I distinctly remember as a new teacher a phone call that I received one night. I had wanted to provide my parents and students access to me and had given them my personal phone number so that they could call me at anytime with questions or concerns. On this particular evening, my brother and I were relaxing and enjoying a great conversation together. The phone rang. I answered it and it was the father of one of my students. He immediately went into “attack-dog-mode” and called me every name in the book and some names that I hadn’t even heard before. Paralyzed with not knowing what to do, I listened as this parent berated me for something that I had not done. Tears streamed down my cheek. I couldn’t speak. My brother watched intently at my expression, paralyzed state, and tried to make sense of the yelling voice on the other end of the line. I managed to say, “I’m sorry!” before the angry parent hung up the phone. Luckily, he did hang up because my brother was about to grab the phone from me and say a few of his own feelings about how this person had treated me. That would have been a disaster!
Needless to say, my relationship with parents after that experience was somewhat of a love/semi-intimidated relationship. For some kids, I looked forward to conferences. But for most, I didn’t. Although conferences usually came and went without incident, I always felt a little nervous talking with parents. Overall, for much of my career, parents came to the school for holiday parties, field trips, fundraisers, programs, and conferences. They also came to help prepare lesson materials, read with kids, or other tasks that I “deemed as something a parent could do.” But, it didn’t take long for the regular visits to fizzle out. No wonder, because I certainly didn’t go out of my way to engage them in classroom happenings. Honestly, there were times when I didn’t want anything to do with parents. It was more work to have them come into the classroom than it was worth. I only went along with “the PR game” because that’s what teachers were supposed to do. And then, I’d get frustrated when they didn’t show and blame them for being “unreliable”. Shame on me! It’s an attitude that I’m not proud of having but all too common. I even feel more ashamed because I have always been blessed with good parents that genuinely wanted the best for their kids. Many parents of my former students are my personal friends. They supported me, but I failed to tap into their power.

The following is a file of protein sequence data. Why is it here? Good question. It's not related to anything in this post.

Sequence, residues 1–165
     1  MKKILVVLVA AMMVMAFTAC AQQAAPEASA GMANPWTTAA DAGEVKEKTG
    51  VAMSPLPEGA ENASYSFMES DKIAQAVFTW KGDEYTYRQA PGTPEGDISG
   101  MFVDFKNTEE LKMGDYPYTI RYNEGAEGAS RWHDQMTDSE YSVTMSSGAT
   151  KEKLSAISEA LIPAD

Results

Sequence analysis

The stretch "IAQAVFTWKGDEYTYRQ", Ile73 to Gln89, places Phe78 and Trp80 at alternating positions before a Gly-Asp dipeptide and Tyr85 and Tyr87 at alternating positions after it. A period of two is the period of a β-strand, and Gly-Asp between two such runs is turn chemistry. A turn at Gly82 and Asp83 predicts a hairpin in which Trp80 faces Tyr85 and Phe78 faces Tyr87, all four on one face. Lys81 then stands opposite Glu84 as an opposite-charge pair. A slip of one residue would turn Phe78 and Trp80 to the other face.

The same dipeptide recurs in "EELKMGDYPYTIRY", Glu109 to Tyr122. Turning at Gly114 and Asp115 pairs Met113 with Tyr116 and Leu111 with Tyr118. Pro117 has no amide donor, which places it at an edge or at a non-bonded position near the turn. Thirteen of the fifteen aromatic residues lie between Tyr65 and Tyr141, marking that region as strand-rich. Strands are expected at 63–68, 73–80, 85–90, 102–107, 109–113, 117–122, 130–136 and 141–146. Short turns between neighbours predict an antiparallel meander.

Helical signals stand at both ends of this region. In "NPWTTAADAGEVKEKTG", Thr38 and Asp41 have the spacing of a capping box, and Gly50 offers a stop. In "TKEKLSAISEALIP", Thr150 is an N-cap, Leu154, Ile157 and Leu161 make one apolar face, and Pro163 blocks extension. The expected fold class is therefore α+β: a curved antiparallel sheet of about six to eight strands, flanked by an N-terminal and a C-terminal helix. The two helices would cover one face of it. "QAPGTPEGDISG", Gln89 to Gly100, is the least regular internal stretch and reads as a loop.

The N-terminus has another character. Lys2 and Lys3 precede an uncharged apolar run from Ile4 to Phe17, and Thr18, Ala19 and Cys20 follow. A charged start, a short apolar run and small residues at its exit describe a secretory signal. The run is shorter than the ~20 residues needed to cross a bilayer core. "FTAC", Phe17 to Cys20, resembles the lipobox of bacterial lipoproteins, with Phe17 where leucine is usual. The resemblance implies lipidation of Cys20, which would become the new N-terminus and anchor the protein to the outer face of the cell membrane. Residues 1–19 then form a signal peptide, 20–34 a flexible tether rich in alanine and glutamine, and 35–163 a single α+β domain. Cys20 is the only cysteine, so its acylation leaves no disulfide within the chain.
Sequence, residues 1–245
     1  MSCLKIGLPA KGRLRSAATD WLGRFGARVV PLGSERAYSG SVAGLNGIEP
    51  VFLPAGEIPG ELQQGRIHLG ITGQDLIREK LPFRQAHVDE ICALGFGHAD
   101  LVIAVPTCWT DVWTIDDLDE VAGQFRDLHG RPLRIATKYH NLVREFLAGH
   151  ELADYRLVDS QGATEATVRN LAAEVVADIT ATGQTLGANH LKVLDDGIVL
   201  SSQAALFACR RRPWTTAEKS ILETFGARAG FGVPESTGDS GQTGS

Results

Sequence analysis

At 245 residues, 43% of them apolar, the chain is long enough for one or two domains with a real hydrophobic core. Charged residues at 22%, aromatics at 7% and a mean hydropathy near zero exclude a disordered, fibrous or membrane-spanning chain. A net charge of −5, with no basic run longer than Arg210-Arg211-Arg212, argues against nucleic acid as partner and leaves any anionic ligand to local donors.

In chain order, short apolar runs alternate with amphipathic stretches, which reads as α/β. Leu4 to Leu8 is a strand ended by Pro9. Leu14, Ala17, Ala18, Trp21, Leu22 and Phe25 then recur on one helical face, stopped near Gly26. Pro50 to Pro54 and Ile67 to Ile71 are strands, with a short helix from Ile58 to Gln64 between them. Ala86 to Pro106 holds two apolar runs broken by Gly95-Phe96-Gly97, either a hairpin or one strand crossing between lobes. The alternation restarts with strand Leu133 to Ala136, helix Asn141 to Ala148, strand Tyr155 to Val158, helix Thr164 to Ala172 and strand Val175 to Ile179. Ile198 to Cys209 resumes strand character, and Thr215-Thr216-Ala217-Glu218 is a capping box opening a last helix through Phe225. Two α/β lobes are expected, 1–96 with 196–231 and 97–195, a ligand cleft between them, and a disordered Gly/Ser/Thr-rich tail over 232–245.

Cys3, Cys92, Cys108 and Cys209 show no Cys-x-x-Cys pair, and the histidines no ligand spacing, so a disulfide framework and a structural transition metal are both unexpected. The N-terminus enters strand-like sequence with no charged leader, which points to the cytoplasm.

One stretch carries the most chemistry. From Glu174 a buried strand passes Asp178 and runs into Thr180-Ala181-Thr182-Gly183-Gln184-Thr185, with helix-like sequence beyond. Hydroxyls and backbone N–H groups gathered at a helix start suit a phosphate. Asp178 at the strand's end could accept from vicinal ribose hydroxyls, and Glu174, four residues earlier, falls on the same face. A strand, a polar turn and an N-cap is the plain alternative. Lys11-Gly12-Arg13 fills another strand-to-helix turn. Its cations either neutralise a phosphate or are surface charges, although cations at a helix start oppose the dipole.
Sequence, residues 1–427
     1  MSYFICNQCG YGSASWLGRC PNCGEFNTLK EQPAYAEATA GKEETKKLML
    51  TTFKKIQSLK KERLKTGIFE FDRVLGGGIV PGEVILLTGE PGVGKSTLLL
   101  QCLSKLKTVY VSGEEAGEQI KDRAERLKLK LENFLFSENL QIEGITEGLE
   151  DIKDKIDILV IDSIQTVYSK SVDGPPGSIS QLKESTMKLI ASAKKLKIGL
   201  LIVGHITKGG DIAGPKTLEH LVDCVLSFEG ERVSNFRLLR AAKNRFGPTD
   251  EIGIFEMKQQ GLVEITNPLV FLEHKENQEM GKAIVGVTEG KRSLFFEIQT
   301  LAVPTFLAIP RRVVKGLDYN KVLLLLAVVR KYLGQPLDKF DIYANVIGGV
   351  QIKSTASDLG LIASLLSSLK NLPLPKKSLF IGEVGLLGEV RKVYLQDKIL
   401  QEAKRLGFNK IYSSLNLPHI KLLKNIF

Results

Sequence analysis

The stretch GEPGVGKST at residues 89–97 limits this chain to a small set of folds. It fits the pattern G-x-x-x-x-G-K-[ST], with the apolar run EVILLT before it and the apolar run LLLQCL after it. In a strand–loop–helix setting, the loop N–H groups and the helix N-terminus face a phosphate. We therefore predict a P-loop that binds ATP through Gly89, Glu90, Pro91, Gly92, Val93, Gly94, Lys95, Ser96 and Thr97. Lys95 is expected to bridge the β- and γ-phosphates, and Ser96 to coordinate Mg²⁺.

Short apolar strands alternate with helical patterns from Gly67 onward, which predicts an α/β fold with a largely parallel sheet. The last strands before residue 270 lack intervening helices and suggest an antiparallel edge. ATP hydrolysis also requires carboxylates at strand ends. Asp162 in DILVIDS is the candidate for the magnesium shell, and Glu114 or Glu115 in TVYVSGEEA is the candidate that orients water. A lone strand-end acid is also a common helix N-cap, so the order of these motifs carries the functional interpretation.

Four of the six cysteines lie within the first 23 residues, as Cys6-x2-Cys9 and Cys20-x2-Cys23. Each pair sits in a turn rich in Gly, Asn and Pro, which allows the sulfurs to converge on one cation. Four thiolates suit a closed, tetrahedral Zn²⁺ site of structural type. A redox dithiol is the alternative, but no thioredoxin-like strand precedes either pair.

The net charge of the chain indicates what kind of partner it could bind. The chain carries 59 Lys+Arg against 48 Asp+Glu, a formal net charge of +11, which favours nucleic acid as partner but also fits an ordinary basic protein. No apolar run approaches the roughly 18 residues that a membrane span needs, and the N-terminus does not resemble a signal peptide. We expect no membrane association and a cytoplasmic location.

My relationship with parents is changing in large part to the inspiration of my PLN. I can’t think of a time when I didn’t say, “Parents are my partners in educating their child. They are the first and most influential teacher.” It's easy to talk and say that parents are vital to their child's education. However, I feel like my relationships are changing and moving to a different level. This change has happened mostly during the last two years. It’s one of the many changes since being connected via Twitter.
Last Spring as people were nominating colleagues for the Bammy Awards, I saw a tweet by Dr. Jim Detweiler @jimdetweiler1 about the lack of nomination for parents. It was something to the effect of, “Educators, can’t we do a better job of recognizing our parents?” It hit me like a rock in the head! “Yes,” I thought. “Here is a chance for you to recognize one of the amazing parents that have helped you this year.” I quickly wrote a nomination. Sadly, there weren’t very many nominations. But for me, it was great because this wonderful parent volunteer made it to the final five. I can’t even begin to tell you the positive reactions and the ripple effect that this had in our school community. It was just the tip of the iceberg.
I have been greatly blessed this year with a whole group of forward thinking parents. I don’t have a single parent who has not been onboard with me to risk and try some new things in the classroom. My relationship with each parent has only strengthened as the year progresses.